Parenting or grandparenting loud and proud? Keep at it


As a veteran sports mom, I have logged more than my fair share of time on the sidelines of various youth sporting events. I love to cheer for the kids — mine and anyone else’s.

Game time will generally find me clapping sedately as the action unfolds. I find that “nice hustle!” is an all-purpose term of praise that covers a variety of sporting stars — or sins.

Loud and proud

Then we had “Joey.” Or shall I say “JOEY! JOEY! JOEY! JOEY! JOEY!” screamed at top pitch ad nauseam throughout the entire game.

“Go Joey! Get the ball JOEY! Good job JOEY! Get ’em JOEY! You go JOEY! GO JOEY! GO JOEY! GO!!!”

Maybe I’m just jealous because Joey seemed to have his own fan club and every last one of them was bent on making sure that Joey — and people in the next county — knew they were there.

Lest you think that only repeated instruction from the sidelines kept him on track let me assure you this is not the case. Joey could play ball. In fact, I suspect he ran faster just to get away from all the screaming from the sidelines.

As fellow fans of lesser lung capacity, we could only lean over to each other from time to time and say, wryly, “I’m not sure, but I think one of those kids might be named Joey?”

It was that or resort to yelling “Joey please come poke my eardrums out so I don’t have to listen to these people screaming your name another second!”

Joey’s gallery, perhaps realizing we had all become numb to their constant stream of screaming, decided to trick it up a bit by adding helpful commentary to the game. This, I supposed, in case Joey had somehow plumb FORGOT how to play soccer since taking to the field and would be forced to rely on the screaming from his grandfather (?), uncle (?), own personal demon (?) to keep him on track.

At one point the decibel level was such that I seriously contemplated watching the game from my car.


And yet, after the final game of the season, the ringleader and obvious president of Joey’s own personal fan club, Mr. Yelled-Himself-Hoarse (but sadly not quite enough) approached the coach.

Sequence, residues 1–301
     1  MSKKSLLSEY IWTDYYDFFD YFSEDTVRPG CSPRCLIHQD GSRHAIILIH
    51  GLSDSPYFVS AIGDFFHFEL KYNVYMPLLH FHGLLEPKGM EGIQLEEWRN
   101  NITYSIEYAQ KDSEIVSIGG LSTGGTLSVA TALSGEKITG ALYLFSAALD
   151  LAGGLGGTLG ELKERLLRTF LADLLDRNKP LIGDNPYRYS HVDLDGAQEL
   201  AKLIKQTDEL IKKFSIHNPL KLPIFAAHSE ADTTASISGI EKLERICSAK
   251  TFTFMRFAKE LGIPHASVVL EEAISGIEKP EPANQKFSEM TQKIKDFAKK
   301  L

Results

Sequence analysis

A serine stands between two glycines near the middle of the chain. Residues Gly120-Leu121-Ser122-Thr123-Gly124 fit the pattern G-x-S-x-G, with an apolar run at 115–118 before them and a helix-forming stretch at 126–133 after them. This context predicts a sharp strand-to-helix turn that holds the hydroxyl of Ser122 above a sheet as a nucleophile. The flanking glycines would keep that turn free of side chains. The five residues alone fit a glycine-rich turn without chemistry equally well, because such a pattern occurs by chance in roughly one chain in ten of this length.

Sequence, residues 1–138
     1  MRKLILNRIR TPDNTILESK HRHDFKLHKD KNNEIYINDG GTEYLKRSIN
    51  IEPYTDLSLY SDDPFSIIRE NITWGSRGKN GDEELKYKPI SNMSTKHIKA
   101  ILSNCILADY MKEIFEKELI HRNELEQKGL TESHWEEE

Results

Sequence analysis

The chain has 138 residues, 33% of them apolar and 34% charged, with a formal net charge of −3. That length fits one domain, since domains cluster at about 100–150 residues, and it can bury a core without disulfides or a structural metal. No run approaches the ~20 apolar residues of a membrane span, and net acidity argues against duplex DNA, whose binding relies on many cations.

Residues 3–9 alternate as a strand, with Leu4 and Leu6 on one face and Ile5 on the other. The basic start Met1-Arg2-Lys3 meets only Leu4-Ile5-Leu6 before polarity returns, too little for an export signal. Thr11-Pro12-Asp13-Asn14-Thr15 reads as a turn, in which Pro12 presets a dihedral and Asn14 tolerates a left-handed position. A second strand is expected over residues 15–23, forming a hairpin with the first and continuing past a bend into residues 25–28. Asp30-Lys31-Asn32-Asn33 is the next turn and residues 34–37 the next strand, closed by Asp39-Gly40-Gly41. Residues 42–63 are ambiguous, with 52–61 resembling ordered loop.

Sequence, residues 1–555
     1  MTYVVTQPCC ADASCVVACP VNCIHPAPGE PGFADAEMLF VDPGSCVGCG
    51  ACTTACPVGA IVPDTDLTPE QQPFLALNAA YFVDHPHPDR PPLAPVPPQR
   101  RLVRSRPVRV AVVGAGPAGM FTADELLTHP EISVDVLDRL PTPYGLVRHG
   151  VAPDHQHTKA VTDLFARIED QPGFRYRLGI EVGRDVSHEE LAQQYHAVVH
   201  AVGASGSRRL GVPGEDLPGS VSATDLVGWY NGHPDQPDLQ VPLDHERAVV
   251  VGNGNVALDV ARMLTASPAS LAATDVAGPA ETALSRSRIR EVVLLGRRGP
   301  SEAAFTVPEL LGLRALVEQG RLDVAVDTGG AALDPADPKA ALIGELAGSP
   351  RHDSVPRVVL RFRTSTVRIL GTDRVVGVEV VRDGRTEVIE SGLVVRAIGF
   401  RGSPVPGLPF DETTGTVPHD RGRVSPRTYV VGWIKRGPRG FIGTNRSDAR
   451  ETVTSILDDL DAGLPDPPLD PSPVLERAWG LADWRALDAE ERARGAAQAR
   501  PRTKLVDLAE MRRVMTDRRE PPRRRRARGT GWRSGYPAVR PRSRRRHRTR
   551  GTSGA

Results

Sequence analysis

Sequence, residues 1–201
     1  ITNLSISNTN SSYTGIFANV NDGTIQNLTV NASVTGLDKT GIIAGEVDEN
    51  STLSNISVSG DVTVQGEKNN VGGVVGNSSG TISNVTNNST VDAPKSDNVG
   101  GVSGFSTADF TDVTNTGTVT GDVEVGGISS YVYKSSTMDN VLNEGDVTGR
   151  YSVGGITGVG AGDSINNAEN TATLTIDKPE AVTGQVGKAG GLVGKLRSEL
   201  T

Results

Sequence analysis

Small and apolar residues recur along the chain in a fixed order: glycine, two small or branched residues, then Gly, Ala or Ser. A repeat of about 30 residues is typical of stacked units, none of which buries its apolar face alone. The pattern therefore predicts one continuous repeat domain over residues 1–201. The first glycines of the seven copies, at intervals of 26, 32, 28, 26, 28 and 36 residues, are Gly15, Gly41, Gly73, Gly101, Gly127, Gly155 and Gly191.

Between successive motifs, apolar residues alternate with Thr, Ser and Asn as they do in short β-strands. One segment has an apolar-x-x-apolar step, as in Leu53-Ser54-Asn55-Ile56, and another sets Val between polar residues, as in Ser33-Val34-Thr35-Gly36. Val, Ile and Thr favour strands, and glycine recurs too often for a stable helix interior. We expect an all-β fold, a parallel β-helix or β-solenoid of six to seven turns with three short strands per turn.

As I eye-rolled my way out of sight (but within earshot — as anyone this side of the Mason-Dixon Line undoubtedly would be) I heard him explain that he knows he gets really loud but he’s just so EXCITED.

He explained that Joey had been a really sickly baby, they weren’t always certain he was going to make it in those first days, and now that he’s whole — and healthy, he just likes the boy to know he’s there, show his support and all.

And suddenly, he’s human. Sure, he’s still quite possibly the loudest human I’ve personally met — but human nonetheless.

Instantly this man is so much less the annoying guy attempting to part me from my ear drums. So much more the gruff but loving grandpa who celebrates the miracle of “Joey” every day. You go guy. You go.

Hearing this, I thought about how we hear kids are falling through the cracks and don’t get enough support at home. We are often told that extended families have fractured and the support for the familial infrastructure simply isn’t there anymore.

Here, on a random green field we find a grandfather who screams himself hoarse at every single game not because he has to but because he’s proud. He wants to.

Pondering this, I decided there are probably worse things than being “Joey” and having your name shouted far and wide by people who care about you. Being a star — if only in your grandpa’s eyes — is surely a boon to any child. In that light doesn’t deafening a soccer mom or two seems a small price to pay?


So, go Joey! And all the other kids who play or perform in the stifling heat, rain, sleet, hail and even snow.

Who took to the field whether they love the game or joined a team and by golly they weren’t going to quit before the season ended.

Who play for their own passions — and sometimes, yes, the unrequited passion of a parent.

Cheer also for the parents and other loved ones who sometimes still cannot believe that the wobbly, helpless, fragile blessing placed in their arms — and hearts — just a few short years ago has turned into something — and someone — stronger, faster, MORE.

I cheer for each and every one of you. I just cheer QUIETLY because I don’t have the lung capacity to compete with Super Fan, even if I wanted to.

Which, as it turns out, I do.


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Warm, witty and just a wee bit warped, Kymberly Foster Seabolt is a native of Kent, Ohio, who survived childhood exposure to disco and grew up to marry and move to the country. Her column weaves her special brand of humor with poignant, entertaining, and honest portrayals of parenting, marriage, and real life. She currently lives in northeastern Ohio with her husband, two children, two dogs, two cats, and numerous dust bunnies who wish to remain nameless.



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